When it comes to its growth rate, video conference company Zoom has lived up to its name.
Use of the firm’s software jumped 30-fold in April, as the coronavirus pandemic forced millions to work, learn and socialise remotely.
At its peak, the firm counted more than 300 million daily participants in virtual meetings, while paying customers have more than tripled.
The dramatic uptake has the potential to change the firm’s path.
Zoom said it expects sales as high as $1.8bn (£1.4bn) this year – roughly double what it forecast in March.
When the lockdowns started, Zoom lifted the limits for the free version of its software in China and for educators in many countries, including the UK, helping to drive its popularity.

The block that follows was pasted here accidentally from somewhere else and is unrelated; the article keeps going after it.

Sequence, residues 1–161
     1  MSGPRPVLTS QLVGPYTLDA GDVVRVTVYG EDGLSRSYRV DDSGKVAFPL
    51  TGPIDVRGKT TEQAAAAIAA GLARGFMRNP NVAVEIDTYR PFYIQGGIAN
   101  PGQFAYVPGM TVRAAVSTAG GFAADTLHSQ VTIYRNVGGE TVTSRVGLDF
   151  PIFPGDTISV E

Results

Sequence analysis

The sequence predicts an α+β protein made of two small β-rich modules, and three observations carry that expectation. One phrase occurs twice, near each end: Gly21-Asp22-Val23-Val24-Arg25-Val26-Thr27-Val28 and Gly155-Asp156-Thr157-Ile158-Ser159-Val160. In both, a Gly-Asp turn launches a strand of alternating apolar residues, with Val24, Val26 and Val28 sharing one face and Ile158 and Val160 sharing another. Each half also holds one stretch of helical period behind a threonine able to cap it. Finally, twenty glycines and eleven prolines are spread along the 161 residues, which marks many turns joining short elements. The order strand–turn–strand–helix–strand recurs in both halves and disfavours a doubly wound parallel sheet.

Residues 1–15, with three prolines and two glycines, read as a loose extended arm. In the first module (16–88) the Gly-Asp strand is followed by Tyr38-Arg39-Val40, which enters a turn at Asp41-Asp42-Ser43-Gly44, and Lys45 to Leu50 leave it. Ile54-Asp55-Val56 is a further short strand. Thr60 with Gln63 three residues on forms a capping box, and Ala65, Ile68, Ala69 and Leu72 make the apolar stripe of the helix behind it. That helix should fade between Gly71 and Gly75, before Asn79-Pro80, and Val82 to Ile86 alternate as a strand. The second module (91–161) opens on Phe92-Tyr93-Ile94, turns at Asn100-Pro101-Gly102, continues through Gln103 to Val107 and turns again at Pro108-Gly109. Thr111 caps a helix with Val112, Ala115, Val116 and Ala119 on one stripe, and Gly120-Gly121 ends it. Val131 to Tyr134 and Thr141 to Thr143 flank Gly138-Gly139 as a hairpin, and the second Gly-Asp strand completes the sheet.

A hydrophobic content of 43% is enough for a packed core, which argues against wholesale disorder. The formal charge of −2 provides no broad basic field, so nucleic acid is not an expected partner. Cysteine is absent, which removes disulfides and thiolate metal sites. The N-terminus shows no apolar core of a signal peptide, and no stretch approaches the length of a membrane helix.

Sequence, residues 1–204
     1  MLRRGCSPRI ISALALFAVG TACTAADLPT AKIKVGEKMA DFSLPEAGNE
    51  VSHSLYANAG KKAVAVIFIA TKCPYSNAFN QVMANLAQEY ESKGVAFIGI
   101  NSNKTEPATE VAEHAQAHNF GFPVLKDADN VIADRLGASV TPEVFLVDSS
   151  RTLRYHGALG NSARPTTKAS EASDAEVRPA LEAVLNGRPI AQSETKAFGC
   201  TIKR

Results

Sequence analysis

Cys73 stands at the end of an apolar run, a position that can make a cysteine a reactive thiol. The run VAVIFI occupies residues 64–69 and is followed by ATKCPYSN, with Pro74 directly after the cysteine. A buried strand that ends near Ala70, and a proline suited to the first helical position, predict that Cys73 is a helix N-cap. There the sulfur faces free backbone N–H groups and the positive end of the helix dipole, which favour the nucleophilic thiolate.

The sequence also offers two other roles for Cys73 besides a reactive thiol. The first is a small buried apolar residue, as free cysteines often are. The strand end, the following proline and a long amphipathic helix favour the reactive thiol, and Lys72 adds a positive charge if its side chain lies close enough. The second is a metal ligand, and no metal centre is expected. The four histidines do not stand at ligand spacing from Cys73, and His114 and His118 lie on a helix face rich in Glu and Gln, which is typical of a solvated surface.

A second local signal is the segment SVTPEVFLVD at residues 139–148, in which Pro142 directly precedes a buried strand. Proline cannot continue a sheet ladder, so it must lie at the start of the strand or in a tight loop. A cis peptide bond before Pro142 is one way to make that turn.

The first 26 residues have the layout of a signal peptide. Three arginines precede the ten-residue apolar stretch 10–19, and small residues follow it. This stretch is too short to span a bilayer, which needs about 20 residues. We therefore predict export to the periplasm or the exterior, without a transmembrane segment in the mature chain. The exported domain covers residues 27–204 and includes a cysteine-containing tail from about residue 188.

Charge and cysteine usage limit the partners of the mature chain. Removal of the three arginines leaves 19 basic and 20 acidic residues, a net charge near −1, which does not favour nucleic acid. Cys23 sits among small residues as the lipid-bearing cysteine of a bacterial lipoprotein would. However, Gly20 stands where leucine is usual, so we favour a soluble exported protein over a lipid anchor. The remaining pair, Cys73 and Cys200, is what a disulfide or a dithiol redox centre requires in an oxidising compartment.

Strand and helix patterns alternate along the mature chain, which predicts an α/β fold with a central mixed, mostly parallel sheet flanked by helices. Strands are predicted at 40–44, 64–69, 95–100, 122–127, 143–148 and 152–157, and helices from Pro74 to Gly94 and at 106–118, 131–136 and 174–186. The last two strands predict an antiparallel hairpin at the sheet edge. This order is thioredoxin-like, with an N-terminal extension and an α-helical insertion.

However, the massive uptake has also strained the firm, forcing it to invest to expand capacity to meet the needs of new users, many of whom are not paying customers. Its reputation also took a hit, as the new attention prompted hackers to hijack meetings and exposed a host of security flaws, revealing that the firm had sent user data to Facebook, had wrongly claimed the app had end-to-end encryption, and was allowing meeting hosts to track attendees
Nevertheless, Ryan Koontz, managing director at Rosenblatt Securities believes “They were on a very strong trajectory before… and happened to be in the right place at the right time as the whole world decided we needed to communicate well on video,” he says. “They have this amazing brand… now they have to leverage that brand and figure out which markets they’re going to go after.”
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